Concerning the Nielsen Memorandum, Chief Justice Roberts wrote that while loosely based on the Duke Memorandum, it “offered three ‘separate and independently sufficient reasons’” that qualify as “post hoc rationalizations.” Therefore, the majority did not classify the Nielsen Memorandum as relevant evidence.

Justice Sotomayor delivered an opinion concurring in part and dissenting in part. While she concurred with the majority’s ruling regarding the APA violation, Sotomayor found the decision to prohibit any arguments against the rescission under the Equal Protection Clause “premature” and “unwarranted.” She would prefer that the respondents were permitted to bring forth relevant claims under this clause in remand.

Also concurring in part and dissenting in part, Justice Thomas, joined by Justices Alito and Gorsuch, noted that the Trump administration attempted to end DACA the same way it began, via executive branch memorandum. Further, the opinion found the second memorandum to be sufficient justification for the rescission. Based on this evidence, Thomas concluded that the rescission is not reviewable under the APA.

In a brief opinion concurring in part and dissenting in part, Justice Alito emphasized his broader concerns with the role of the federal judicial system. He noted that after just “one of nearly 700 federal district court judges” blocked the DHS from rescinding DACA, the case carried on for essentially an entire presidential term.

Like Justice Thomas, Alito found the actions of the DHS not reviewable under the APA. He then referred to evidence discussed in Justice Kavanaugh’s opinion to support his conclusion that the rescission was not “arbitrary and capricious.”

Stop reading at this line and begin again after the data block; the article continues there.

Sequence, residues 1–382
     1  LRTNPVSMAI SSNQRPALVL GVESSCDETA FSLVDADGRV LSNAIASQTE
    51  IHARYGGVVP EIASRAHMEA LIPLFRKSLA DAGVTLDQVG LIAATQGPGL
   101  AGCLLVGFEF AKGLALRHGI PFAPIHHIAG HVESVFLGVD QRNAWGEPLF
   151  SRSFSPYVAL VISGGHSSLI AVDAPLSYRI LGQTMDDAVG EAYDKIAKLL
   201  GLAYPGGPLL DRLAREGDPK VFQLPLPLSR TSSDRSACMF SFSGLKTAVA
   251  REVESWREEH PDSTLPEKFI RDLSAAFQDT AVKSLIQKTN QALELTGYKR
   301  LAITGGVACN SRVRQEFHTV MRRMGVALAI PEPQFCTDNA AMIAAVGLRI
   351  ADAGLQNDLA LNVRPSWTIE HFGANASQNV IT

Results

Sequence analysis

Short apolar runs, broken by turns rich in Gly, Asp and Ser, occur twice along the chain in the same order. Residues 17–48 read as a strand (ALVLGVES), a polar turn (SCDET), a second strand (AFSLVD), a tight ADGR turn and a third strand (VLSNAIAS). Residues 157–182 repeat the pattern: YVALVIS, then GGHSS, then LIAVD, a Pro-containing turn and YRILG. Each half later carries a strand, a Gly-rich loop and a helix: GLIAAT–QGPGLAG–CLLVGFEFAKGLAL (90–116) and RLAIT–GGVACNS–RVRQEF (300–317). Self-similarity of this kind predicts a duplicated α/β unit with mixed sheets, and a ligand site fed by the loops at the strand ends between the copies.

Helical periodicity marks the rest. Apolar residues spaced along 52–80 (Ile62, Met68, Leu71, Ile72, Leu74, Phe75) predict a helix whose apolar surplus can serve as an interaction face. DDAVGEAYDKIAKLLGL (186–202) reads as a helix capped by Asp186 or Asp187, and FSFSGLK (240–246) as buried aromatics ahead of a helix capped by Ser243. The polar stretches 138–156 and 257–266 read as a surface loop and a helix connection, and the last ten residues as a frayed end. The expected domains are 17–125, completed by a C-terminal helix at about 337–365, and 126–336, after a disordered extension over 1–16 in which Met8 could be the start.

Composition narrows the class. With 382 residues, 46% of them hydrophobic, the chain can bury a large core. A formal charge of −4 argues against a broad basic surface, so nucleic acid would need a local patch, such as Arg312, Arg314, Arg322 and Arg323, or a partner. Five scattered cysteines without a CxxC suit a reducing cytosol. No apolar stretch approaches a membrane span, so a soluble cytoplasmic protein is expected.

Finally, Justice Kavanaugh also delivered an opinion concurring in part and dissenting in part, taking issue with the majority’s classification of the Nielsen Memorandum as a “post hoc justification.” From his view, the decision to remand these cases amounts to an unnecessary delay because in those future proceedings, the DHS will simply rely on the legal justifications explained in the Nielsen Memorandum for their argument. Had the court considered the Nielsen Memorandum valid, that judgment to be made some time in the future could already have been delivered.

In the majority opinion, Chief Justice Roberts addressed this objection, conceding that procedural requirements often appear largely unproductive. The Chief Justice wrote that adhering to procedure works to “promote ‘agency accountability,’” by allowing the public to respond to the actions of a government agency. Moreover, this precedent helps to avoid the issue of having “to chase a moving target” during proceedings due to government agencies updating their legal justifications for their actions throughout a trial. For Roberts, this amounted to an issue of timing. Justice Kavanaugh found no issue with the timing of the Nielsen Memorandum in his opinion.

Although he was not in the majority, Justice Kavanaugh described a scenario that could very well play out in remand. The DHS will likely rely on the justification detailed in the Nielsen Memorandum to bolster their argument as to why DACA is unlawful. The Court’s recent opinion seems to be merely a speed bump on the Trump administration’s path to eliminating the program.

John R. Greenwalt

John Greenwalt is an editorial intern with Attorney at Law Magazine. He is enrolled at the University of Colorado Boulder pursuing a humanities degree in history and philosophy. He is expected to graduate December 2020. He intends to attend law school after graduation.